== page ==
The Table Video

Stanley Hauerwas

Social Practices of Ignoring and Acknowledging Suffering

Gilbert T. Rowe Professor of Divinity and Law, Duke Divinity School
June 2, 2017

Stanley Hauerwas describes and critiques prevailing responses to suffering and injustice, and outlines several real challenges that face America in particular.


There’s this sense of wanting to avoid suffering, deal with it by casting it out of our lives, and we exert some kind of control, to become more comfortable and to avoid it entirely. That often means marginalizing or shifting scenes of suffering off to the side-lines, turning a blind eye. I wonder if you’d comment on our social practices of ignoring injustice, ignoring suffering, for the sake of our own complacency and comfort.

Well, I think suffering has become an anomaly in America, that we assume, always legitimates trying to get rid of it. And that turns out to be a formula for death and killing. People, if you take, for example, the use of amniocenteses to discover if a child is Down Syndrome or not.

People assume if the child is Down Syndrome you ought to abort the child in order to spare the child suffering. Look, if that is the reason that you think a Down Syndrome child should be aborted you would abort any child because life is going to be filled with suffering.


We are finite creatures that suffer illness, death and one another. So, I think, the general justification for that is done in the name of compassion to stop people from undergoing suffering is a very dangerous development in America. It puts the medical establishment in a real crisis because most the time, most of what we endure, that you suffer, you’re not gonna get much better. What physicians do is teach you how to go on in the face of suffering.

I mean it’s very interesting, I mean as an old guy, think about how increasing like, people are beginning to think of aging as an illness, that you want to do something about, to overcome. Well that’s extraordinarily dangerous. I say in a hundred years, if Christians are people identified as those who do not kill their children or their elderly, we will have been doing something right. I mean that’s a big deal.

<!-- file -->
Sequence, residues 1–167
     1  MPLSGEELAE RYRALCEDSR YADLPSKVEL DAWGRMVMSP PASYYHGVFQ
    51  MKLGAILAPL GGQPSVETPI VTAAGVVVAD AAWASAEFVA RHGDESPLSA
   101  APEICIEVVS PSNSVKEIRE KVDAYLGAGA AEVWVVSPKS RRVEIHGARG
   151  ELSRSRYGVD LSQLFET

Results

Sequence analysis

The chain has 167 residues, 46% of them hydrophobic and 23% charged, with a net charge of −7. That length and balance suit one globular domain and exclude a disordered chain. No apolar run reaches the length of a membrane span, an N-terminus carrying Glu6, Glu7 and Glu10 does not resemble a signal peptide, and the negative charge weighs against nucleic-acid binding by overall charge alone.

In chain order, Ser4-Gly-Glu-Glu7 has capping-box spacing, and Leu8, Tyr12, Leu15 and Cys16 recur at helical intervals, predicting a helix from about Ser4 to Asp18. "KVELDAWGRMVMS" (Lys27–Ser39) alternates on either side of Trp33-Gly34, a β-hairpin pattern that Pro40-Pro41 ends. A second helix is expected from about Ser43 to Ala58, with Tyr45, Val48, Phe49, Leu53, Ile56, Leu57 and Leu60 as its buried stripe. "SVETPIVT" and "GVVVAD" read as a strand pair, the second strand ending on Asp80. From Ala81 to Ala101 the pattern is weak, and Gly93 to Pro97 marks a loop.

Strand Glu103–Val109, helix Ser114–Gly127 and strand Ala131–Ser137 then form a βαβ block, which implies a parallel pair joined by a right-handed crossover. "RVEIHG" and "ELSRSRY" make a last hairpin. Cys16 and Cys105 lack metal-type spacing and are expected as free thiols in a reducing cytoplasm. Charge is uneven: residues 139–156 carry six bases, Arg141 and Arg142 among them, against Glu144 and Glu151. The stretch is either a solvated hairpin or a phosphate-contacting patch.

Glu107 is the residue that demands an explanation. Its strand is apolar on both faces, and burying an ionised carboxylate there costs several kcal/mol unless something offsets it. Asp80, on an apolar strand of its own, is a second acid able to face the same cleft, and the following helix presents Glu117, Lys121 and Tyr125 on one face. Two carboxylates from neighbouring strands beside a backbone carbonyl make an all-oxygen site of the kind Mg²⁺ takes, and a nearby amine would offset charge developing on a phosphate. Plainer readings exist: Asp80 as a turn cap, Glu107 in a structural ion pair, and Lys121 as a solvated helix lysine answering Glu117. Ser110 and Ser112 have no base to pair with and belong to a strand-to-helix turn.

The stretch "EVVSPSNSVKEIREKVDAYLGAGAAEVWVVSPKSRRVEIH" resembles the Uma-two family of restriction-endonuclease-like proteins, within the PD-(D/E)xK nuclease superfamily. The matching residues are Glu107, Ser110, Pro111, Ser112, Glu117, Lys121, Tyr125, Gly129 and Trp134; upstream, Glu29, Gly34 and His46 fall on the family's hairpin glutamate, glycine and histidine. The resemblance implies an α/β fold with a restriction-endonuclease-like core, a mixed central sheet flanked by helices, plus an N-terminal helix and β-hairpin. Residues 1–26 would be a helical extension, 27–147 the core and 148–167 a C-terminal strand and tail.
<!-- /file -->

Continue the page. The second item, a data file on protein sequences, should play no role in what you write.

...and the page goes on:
Because I think in the name of compassion we’re living in a social order that will increasingly not know what to do with those born dying.

Right. So here’s a quote. “A social order bent on producing wealth as an end in itself “cannot avoid the creation of a people “whose souls are superficial and whose daily life “is captured by sentimentalities. “They will ask questions like, Why does a good God “let bad things happen to good people?”

Right, I always wonder how could that question have been asked by a Jew? I mean have you read the Psalms? [laughs] The Psalms are absolutely, I kept the law, it’s my delight, my friends have betrayed me, my enemies mock me, my life is absolute shambles but you are God, [laughs] but you are God. And that means everything that you are God. So the idea, that somehow or the other, our lives are meant to be free of suffering just doesn’t make much sense.

And, of course, one of the things, that people are very hesitant to do is talk about their relationship between sin and suffering. And that we are embedded in sinful practices and hardly notice it, I mean, it’s certainly an occasion of a great deal of our suffering. And as you suggested earlier, that the kinds of injustice we perpetrate on one another that creates suffering is, of course, just horrendous and that needs to be named. I think one of them, one of the great challenges before America, is how do you acknowledge what was done was so wrong, there’s nothing you can do to make it right? And I’m speaking of slavery.

The African American community in America represents the history of a suffering that cannot be made right. But it must be acknowledged as what we, as a people, must come to terms in a manner that says, I mean what we’re trying to do is say, “Oh, African Americans can move to the suburbs, “have two cars, three TV’s and worry about Jews moving in.” So what’s a little bit of slavery between friends. So it wasn’t that serious, it was that serious.


And so how to come to terms with that as a social order I think, remains a deep challenge. And then you combine that with the genocide against the Native American and the kind of suffering that they’ve had to undergo, I mean, those are acknowledgements that have to be made part of your common story.

These things can’t be repaired.

Can’t be repaired.

So, in the process of acknowledging, what vices stand in the way and what can we do to get closer to a starting point? For understanding that reparation or repair is it possible?

I think vices that stand in the way is lack of candid speech. I think that Americans are people who do not want to know truth, in it’s deep straightforward form. And how the lies grip us, is an on-going challenge that I think leaves us with a politics which is often quite horrendous.

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